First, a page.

In a world of limited materials, is continuous growth a realistic goal? The UN's Rio+20 summit will put the issue in the spotlight this June. Experts disagree about what good growth versus. bad really means.
Not all economists think all economic growth is always good. Ecuador's former energy minister, Alberto Acosta, made a strong distinction between growth and development to explain why.
"Economic growth does not equal development," he said. "Each form of growth has a social and an ecological story. There are both good and bad forms of growth."
Acosta and a panel of journalists, human rights experts and economists dissected the idea of economic growth at a recent conference on sustainable development. German aid agency Welthungerhilfe hosted the event in Bonn, Germany.
The panel also discussed the shortcomings of relying on the gross domestic product (GDP) as the primary way of gauging countries' well-being. The panelists discussed several alternative ways to get a more accurate picture.
GDP: an imperfect measure
Acosta criticized widely accepted growth models that focus almost exclusively on GDP, saying the metric does not take into account other important factors that affect growth rates.
A country's GDP represents the worth of all goods and services it produces in the course of a year. Full supermarket shelves, the latest medication, and taking one more vacation per year all factor into a country's GDP.
When the figure increases from the previous year, it means that the economy has grown. More production creates more jobs and sustains positions that already exist, according to the logic of GDP.
However, Acosta argued that GDP ignores pollution or wildfires caused by the extraction of raw materials, among other important issues. He said GDP also ignores the production and transportation of goods as well as the production of food, weapons, and the economic impact of social developments.
According to Acosta, industrialized countries follow economic plans to grow just for the sake of growth. He said he thinks such nations do not focus on people's actual needs. Moreover, they act at the expense of developing countries. Acosta said slower growth rates would make for better economic policy.
Unlimited growth not possible
During the panel discussion, German journalist Petra Pinzler focused on the idea of "unlimited growth."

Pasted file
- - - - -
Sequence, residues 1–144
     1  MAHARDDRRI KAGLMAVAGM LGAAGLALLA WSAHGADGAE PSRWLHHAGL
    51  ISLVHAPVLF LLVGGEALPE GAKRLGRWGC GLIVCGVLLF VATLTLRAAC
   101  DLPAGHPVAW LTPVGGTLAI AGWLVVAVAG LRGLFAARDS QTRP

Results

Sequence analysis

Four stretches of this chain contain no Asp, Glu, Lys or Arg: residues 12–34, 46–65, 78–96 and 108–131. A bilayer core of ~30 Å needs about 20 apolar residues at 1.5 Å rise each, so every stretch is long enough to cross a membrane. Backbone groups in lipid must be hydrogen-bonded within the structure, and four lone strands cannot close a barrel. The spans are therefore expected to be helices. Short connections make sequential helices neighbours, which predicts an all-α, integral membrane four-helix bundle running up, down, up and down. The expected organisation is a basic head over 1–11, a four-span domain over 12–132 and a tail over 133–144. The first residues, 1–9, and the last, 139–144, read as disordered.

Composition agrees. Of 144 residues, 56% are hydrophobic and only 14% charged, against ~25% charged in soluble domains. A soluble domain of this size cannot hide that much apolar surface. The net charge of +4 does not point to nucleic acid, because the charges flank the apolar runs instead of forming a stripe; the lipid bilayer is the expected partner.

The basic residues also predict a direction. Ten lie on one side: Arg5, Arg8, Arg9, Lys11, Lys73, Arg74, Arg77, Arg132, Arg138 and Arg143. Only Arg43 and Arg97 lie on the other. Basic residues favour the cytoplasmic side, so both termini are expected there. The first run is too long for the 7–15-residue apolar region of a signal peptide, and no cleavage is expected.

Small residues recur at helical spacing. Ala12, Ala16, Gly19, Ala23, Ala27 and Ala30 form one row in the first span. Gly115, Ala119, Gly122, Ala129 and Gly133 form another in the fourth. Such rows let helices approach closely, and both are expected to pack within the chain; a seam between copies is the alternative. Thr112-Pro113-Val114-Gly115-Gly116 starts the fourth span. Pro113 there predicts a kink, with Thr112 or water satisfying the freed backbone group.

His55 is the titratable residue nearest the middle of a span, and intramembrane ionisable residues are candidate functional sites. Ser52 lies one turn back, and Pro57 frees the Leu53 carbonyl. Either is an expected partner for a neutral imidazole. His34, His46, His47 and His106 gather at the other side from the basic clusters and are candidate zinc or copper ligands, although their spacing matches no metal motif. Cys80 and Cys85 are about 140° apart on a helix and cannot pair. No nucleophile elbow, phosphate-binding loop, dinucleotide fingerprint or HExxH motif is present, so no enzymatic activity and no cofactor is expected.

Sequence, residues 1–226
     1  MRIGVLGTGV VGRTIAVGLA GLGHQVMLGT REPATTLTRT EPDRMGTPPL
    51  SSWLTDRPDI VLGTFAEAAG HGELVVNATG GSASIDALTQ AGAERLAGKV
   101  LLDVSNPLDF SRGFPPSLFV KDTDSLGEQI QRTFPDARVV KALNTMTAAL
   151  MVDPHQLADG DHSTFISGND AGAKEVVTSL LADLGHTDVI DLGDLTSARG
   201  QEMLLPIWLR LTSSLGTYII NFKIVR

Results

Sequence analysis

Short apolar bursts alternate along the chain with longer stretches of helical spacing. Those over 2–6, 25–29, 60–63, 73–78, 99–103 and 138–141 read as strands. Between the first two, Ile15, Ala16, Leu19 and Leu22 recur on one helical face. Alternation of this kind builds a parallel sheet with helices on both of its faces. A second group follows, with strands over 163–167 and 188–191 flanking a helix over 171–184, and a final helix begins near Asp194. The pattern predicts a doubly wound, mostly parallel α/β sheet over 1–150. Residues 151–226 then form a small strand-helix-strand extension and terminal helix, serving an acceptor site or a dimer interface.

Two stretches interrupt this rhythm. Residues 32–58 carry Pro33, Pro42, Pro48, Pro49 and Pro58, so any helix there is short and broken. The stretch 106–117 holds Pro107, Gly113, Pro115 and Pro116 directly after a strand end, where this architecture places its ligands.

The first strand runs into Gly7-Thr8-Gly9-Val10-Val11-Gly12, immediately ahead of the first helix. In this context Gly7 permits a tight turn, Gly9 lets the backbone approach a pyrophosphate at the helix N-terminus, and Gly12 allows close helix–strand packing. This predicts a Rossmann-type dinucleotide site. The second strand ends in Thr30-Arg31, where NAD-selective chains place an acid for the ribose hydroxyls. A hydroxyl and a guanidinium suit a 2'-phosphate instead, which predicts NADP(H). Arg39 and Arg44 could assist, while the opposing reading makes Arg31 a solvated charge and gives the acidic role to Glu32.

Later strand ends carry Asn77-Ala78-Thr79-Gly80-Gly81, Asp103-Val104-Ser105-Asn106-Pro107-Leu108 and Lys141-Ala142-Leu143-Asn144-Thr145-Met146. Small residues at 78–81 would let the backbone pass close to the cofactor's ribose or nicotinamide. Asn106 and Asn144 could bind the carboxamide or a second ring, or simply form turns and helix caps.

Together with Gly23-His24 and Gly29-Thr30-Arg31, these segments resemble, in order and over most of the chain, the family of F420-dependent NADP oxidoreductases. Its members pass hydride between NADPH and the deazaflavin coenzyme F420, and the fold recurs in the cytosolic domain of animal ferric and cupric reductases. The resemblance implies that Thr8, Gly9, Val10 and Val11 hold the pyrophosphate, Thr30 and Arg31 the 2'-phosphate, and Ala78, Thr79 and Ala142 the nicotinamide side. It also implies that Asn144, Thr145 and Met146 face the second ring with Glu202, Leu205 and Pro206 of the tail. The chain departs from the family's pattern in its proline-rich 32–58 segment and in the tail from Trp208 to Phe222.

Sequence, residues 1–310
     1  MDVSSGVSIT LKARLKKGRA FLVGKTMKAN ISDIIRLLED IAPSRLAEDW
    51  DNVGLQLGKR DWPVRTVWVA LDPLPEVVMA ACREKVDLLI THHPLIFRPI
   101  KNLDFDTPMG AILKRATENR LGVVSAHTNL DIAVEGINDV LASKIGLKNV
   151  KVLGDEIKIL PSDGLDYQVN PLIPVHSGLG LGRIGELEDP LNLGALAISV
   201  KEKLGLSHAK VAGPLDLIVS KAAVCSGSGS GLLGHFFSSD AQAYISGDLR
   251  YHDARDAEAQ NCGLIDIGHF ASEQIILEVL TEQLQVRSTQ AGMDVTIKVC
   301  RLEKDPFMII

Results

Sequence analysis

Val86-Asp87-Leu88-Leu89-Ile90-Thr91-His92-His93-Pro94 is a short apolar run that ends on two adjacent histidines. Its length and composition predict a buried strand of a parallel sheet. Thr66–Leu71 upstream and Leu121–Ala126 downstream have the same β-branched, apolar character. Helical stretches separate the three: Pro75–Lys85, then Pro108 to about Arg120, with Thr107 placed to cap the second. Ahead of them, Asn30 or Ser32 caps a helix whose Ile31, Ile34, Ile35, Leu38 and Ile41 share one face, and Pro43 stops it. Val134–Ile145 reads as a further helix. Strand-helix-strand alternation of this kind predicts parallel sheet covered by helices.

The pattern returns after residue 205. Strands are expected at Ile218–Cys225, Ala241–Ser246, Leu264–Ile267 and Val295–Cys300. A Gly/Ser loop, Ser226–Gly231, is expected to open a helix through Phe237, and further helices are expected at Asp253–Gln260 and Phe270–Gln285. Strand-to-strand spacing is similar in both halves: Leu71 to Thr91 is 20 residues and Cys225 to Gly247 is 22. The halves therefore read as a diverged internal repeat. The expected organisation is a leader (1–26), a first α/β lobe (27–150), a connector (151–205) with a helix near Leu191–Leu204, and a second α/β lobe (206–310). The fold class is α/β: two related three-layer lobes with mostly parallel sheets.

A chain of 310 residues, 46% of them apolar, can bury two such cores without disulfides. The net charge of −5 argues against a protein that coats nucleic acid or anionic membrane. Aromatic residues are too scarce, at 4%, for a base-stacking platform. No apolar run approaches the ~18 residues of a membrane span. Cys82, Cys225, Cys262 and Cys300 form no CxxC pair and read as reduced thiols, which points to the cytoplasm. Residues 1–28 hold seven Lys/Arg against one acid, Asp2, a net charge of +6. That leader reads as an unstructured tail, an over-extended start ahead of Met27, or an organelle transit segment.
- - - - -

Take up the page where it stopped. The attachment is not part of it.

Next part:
She noted that economists who deal with the environment tend not to view growth as an unlimited possibility.
She said some economists think "economics and economies are part of the world - and the world is not flat, but round. And nothing can grow forever on something as limited as the Earth."
From this point of view, economies should not rely on natural resources, since they will be completely spent at some point. Instead, economies should rely more on the kind of non-material growth that comes from the service industry.
Pinzler also argued that wealth - on its own - is not the best indication of happiness.
She cited studies on well-being that showed a correlation between happiness and economic growth in very poor countries. As the level of wealth within such countries increased, so did the level of well-being.
But after a certain point, the level of well-being no longer goes up as wealth does.
Good growth versus bad?
World Bank natural recourses expert Günter Schmidt disagreed with most of the panelists, saying growth at the global level is a reality.
"In a couple of years, we will have 9 billion people here on earth," he said. "Then we have growing incomes, in all countries, especially in India and China. Those people will ask for all kinds of goods and products, to eat and even more. Who is going to tell them you should not do that?"
While Pinzler championed slower growth worldwide, Schmidt aired the idea of slowing down growth only in countries that are already saturated with industrial development.
In response to Pinzler's contention that increased growth does not guarantee an increased sense of well-being, Schmidt pointed to Greece. He said lack of growth in the economically beleaguered country has caused a drastic downturn in both wealth and happiness.
The panel proposed that GDP be replaced as a measure of prosperity - or at least balanced against other factors such as environmental damage. The panel said such a step would reduce pressure on governments to constantly grow their economies just to maintain the status quo.
This June in Rio de Janeiro, Brazil, world leaders and representatives of civil society will focus on sustainable development at the United Nations' Rio+20 summit. Many developing countries remain skeptical about the idea of a "green economy" based on socially and ecologically sustainable growth.
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Author: Christina Ruta
Editor: Anke Rasper